Third, Netanyahu has focused intently on reversing the drop in Likud votes seen during September’s balloting. According to him, 300,000 Likud voters “stayed home” during round two, yet a comparison of results from April and September demonstrates that many other parties gained at the Likud’s expense. In other words, the issue is not that Likud voters stayed home, but that they shifted their votes elsewhere. In September, the right-wing Sephardic religious party Shas received almost 72,000 additional votes, while Liberman’s party received an extra 137,000.

In any case, Netanyahu has been far more energetic during this round, holding multiple rallies per day across the country. He has also spent an extraordinary amount of time trying to dissuade the militant Kahanist faction Otzma Yehudit (Jewish Power) from running, but to no avail. In his view, the party “wasted” the 84,000 votes it won in September because it fell considerably below the 3.25% electoral threshold required for entry into parliament. To bring Otzma and other hardcore right-wing factions under his banner (among other reasons), Netanyahu declared that he would like to annex all West Bank settlements sooner rather than later, but the White House told him it will not support any such move prior to the election.

Blue-White’s strategy seems focused on Netanyahu’s legal situation. Gantz has hammered on the point that voting for his opponent means electing a part-time premier, since Netanyahu will be absorbed with daily court appearances and endless consultations with lawyers.

Gantz has also sought to reach some right-wing voters by withholding criticism of the Trump peace plan and even saying he would support it. Yet when pressed on the issue, he has backed away. For example, he indicated that he would not annex the Jordan Valley unless there was international support for that step, which is unlikely.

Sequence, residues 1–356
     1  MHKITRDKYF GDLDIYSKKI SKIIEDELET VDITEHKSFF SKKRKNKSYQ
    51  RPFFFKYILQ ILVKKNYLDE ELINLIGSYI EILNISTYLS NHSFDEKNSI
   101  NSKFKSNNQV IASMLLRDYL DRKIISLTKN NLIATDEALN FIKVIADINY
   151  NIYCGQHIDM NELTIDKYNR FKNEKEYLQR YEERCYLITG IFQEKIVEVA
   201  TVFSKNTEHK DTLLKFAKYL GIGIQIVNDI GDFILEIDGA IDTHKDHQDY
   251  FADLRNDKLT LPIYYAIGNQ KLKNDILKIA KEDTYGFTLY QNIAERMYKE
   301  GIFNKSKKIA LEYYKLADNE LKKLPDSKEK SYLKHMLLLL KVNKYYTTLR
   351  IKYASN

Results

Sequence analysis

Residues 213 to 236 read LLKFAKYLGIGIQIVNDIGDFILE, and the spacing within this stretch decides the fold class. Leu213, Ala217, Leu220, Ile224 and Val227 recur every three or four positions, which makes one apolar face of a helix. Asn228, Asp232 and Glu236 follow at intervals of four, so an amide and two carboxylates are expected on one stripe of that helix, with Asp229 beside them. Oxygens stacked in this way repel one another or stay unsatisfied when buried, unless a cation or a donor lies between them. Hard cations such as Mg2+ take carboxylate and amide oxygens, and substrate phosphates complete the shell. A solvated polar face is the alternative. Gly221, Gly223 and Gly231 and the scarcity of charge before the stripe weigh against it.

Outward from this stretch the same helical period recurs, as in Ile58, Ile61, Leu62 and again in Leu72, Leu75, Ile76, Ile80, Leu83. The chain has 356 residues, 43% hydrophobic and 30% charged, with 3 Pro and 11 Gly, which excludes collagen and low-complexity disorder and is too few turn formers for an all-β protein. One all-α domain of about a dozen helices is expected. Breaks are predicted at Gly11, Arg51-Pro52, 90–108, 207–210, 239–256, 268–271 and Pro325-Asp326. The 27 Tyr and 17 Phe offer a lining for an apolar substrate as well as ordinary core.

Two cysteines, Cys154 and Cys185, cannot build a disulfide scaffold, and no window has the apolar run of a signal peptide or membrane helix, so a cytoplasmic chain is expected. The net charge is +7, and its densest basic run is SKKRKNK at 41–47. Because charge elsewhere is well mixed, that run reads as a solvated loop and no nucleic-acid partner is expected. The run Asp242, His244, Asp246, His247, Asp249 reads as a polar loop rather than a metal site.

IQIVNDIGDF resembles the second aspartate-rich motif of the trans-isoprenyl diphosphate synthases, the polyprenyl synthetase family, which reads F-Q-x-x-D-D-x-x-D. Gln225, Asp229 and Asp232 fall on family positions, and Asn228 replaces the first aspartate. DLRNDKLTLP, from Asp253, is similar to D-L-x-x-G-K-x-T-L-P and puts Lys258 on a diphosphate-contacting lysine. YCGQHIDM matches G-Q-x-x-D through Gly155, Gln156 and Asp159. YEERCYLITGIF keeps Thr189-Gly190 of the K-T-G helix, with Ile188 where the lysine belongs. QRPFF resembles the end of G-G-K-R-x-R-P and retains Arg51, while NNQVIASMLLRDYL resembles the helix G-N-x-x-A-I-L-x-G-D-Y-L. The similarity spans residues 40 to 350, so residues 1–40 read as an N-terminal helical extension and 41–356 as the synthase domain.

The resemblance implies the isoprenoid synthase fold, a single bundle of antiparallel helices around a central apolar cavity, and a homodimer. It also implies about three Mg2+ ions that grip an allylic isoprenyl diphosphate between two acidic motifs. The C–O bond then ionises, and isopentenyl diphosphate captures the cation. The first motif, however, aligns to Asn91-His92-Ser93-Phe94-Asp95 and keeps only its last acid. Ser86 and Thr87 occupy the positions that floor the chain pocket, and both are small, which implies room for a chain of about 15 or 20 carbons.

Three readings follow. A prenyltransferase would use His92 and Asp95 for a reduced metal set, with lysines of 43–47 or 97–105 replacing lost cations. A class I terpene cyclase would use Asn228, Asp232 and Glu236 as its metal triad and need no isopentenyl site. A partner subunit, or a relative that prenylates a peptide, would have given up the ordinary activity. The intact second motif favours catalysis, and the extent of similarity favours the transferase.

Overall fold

Moreover, Gantz seems to believe that the decision about who gets the first shot at forming the next government depends not just on which bloc prevails, but also on whether Blue-White wins more votes than the Likud. He is therefore trying to woo voters away from Labor-Meretz to his left by focusing on issues they prioritize (e.g., the future of Israeli democracy if Netanyahu uses the levers of power to insulate himself against legal proceedings).

As for the potential impact of the U.S. presidential election campaign, Gantz and other Israeli actors are generally consumed with their own array of pressing domestic and foreign issues, so they have not said much about what a Democratic victory in November would mean for the Trump plan. Likewise, the vitriolic comments that current Democratic frontrunner Bernie Sanders has aimed at Netanyahu’s government have not figured prominently in the campaign.


Although politicians often step down from their campaign threats once faced with the reality of election results, Israeli party leaders largely kept their promises during the abortive coalition formation efforts that followed the first two rounds of balloting. This may have stemmed from their belief that a third round was inevitable, so they did not want to anger their constituencies. In theory, they could adopt the same strategy and stick to their guns after the March 2 vote, since a fourth round is a very definite possibility. Yet other scenarios could result in actual government formation, with differing implications for Israeli-Palestinian peace and other issues.

Right-wing government. If Netanyahu wins the election and is somehow able to attract 4 to 5 more seats than the estimated 56-57 he currently has, he would likely ask the White House for permission to begin annexing settlements, in keeping with his commitment to right-wing voters (most recent polls project 35 seats going to Likud, 15 to his ultraorthodox partners, and 6 to the Yamina settlers party). This scenario could lead to unrest in the West Bank. Moreover, if he annexes the Jordan Valley, Amman would look for ways to freeze the political elements of the Israeli-Jordanian peace treaty even if it quietly maintains the excellent security cooperation between the two countries.